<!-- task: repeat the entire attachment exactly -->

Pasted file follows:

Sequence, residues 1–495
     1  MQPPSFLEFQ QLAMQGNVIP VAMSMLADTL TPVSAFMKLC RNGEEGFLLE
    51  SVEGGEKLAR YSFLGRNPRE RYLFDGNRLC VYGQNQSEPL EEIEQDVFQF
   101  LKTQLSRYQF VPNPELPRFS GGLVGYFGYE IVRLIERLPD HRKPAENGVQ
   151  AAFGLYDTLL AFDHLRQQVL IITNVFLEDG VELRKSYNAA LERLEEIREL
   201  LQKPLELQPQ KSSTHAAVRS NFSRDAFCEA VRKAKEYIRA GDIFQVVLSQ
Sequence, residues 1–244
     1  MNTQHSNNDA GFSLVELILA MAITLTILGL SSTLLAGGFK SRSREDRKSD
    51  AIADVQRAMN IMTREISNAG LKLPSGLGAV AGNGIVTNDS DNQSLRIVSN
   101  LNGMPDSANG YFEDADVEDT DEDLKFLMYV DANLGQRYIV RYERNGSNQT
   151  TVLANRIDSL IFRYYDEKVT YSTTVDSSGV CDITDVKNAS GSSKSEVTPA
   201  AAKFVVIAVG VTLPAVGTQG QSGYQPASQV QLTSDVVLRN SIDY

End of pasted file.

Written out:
Sequence, residues 1–495
     1  MQPPSFLEFQ QLAMQGNVIP VAMSMLADTL TPVSAFMKLC RNGEEGFLLE
    51  SVEGGEKLAR YSFLGRNPRE RYLFDGNRLC VYGQNQSEPL EEIEQDVFQF
   101  LKTQLSRYQF VPNPELPRFS GGLVGYFGYE IVRLIERLPD HRKPAENGVQ
   151  AAFGLYDTLL AFDHLRQQVL IITNVFLEDG VELRKSYNAA LERLEEIREL
   201  LQKPLELQPQ KSSTHAAVRS NFSRDAFCEA VRKAKEYIRA GDIFQVVLSQ
Sequence, residues 1–244
     1  MNTQHSNNDA GFSLVELILA MAITLTILGL SSTLLAGGFK SRSREDRKSD
    51  AIADVQRAMN IMTREISNAG LKLPSGLGAV AGNGIVTNDS DNQSLRIVSN
   101  LNGMPDSANG YFEDADVEDT DEDLKFLMYV DANLGQRYIV RYERNGSNQT
   151  TVLANRIDSL IFRYYDEKVT YSTTVDSSGV CDITDVKNAS GSSKSEVTPA
   201  AAKFVVIAVG VTLPAVGTQG QSGYQPASQV QLTSDVVLRN SIDY